Considerations Before Purchasing an Air Conditioner
Posted: Jul 21, 2015
The months leading up to the hot summer are those to begin considering the purchase of a cooling unit for your home. Whether you currently own an HVAC system or are considering the purchase of a system including a cooling unit, it’s a major decision. Some people are tired of spending their summers trapped in one room with a fan, while others are fed up with exorbitant bills caused by their outdated system. No matter the reason for considering this major purchase, it’s a good idea to research all of the facts to ensure you’re making the right choice. Some older models may simply need maintenance to keep your home at an ideal temperature, regardless of the heat outside. To determine the right options for your home, you’ll need to evaluate your current system, desired needs and cost restrictions. Keep in mind that systems over the age of 15 will nearly always need to be completely replaced, as they’re likely costing you more money on energy bills. Upgrading an old system isn’t necessarily complicated, but working with a licensed and knowledgeable contractor will help you to make the best possible decision for your home.
The biggest factor in determining how to approach your cooling needs is the cost. The size of your home will dictate the needed type of cooling unit. Talk with a professional vendor to evaluate your current system to ascertain whether it’s the right fit for your home. Window units are ideal for apartments or for cooling a bedroom during the summer, while a split system can be added to your heating unit, as there are no ducts. A central system is ideal for houses and combined with the heating unit for ease of transition to the colder months. Consider what you have now for equipment, while looking over your bills for last year’s summer months. The price can range anywhere from a few hundred dollars to over a thousand. These prices should be added to the estimated cost to run the equipment, and then compared with your cooling bills from last summer. In doing so, you’ll determine if you’ll be saving money over time and whether you can afford the upgrade.
What to Replace
Many homeowners ask if they can replace just some of their HVAC parts to soften the costs of the project. However, the entire HVAC system must be replaced at the same time to ensure all of the parts are working together. Although it may seem cost effective to only replace the outside or inside unit, you could face issues with your service down the line. Additionally, you may actually increase your energy costs, as one part may need to work harder to account for the older parts of the system. When you replace a heat pump or a furnace, you’ll need to match the part closely to the existing system. For example, older ductwork is often leaky or inadequate, even if the signs aren’t easily noticed. But when you install a new system onto the old ductwork, these flaws come into light. Before you make the decision about what to replace, your HVAC vendor should thoroughly inspect your current system to ensure you’re making the best choice for your home.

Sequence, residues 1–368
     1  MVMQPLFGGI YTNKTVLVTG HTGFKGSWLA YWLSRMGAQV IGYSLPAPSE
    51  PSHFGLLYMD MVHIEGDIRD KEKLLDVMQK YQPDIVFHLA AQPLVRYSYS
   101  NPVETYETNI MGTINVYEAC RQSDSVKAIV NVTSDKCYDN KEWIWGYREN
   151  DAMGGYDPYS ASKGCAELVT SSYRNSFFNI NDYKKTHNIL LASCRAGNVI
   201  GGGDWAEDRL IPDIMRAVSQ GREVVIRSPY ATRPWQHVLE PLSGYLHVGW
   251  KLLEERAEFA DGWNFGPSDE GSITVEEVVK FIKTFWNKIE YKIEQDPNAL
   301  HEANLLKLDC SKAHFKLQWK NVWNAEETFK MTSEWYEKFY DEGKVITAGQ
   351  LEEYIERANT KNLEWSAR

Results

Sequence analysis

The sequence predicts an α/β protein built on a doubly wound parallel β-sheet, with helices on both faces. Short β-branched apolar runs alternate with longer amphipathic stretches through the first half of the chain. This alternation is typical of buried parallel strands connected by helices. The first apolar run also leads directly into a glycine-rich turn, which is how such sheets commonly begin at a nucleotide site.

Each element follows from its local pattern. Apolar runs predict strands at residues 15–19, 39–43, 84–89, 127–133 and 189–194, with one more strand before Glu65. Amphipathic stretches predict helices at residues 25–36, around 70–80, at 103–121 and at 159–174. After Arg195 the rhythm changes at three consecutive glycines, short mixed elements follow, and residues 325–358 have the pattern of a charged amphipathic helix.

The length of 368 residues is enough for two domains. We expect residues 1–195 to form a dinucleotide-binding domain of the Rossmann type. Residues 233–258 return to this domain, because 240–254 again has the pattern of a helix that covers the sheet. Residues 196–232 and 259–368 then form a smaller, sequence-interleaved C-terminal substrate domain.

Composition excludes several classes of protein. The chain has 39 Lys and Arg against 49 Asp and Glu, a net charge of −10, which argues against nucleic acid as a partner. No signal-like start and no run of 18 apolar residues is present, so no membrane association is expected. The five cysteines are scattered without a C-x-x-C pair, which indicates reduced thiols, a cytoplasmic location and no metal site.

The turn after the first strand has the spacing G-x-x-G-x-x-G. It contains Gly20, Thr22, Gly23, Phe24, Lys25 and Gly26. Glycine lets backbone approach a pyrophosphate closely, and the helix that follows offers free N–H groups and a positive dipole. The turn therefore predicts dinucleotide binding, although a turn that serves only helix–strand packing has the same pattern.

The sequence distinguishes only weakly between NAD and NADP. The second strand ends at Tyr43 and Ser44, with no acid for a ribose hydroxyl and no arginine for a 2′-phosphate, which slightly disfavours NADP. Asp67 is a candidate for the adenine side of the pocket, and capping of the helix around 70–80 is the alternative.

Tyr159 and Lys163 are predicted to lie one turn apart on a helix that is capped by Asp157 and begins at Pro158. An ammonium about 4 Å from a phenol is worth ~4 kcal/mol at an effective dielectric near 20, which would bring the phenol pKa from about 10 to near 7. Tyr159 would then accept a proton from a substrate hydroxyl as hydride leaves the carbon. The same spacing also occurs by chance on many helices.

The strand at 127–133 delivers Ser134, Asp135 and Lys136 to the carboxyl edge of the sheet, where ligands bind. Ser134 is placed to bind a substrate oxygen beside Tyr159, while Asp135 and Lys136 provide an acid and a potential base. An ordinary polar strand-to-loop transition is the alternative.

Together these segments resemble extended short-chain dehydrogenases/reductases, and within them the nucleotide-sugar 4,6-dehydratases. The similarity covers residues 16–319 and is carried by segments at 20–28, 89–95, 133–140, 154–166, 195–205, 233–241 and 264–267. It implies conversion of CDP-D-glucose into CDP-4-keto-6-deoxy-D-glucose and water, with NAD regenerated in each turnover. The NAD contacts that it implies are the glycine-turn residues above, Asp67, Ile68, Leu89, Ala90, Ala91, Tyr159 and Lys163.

A new HVAC system is a major expense, but one that can save you money on operating costs throughout the year. However, you can only reap those benefits when your entire home is energy-efficient. You’ll need to look into replacing outdated windows and possibly your attic insulation to be certain you aren’t making this investment for naught. Additionally, once these upgrades are made, you may even be able to purchase a smaller system; the construction, size and orientation of the home affect the needed HVAC size.
Selecting a Contractor
Who you hire to install your system is nearly as important as the type of system you buy, for many reasons. The right contractor will not only be experienced in installation and maintenance of HVAC systems, they’ll be trained. The purpose of this is to ensure you’re getting the right system for your home and that it will be properly installed. The contractor should be licensed to protect you and your home, as well. Be sure the contractor intends to inspect your home for its current conditions and the state of your current system, in order to make a proper recommendation for your home. The contractor should also have adequate support staff to prevent damage and to finish the product in adequate time.
About the Author: Thomas M. Bird is a contributing author. Now retired, he ran a successful contracting business for over 25 years. He designed and built hundreds of energy-efficient homes, offering advice to customers for their maintenance needs. He recommends http://www.accutempair.com/ for the best prices in heating and cooling installation.
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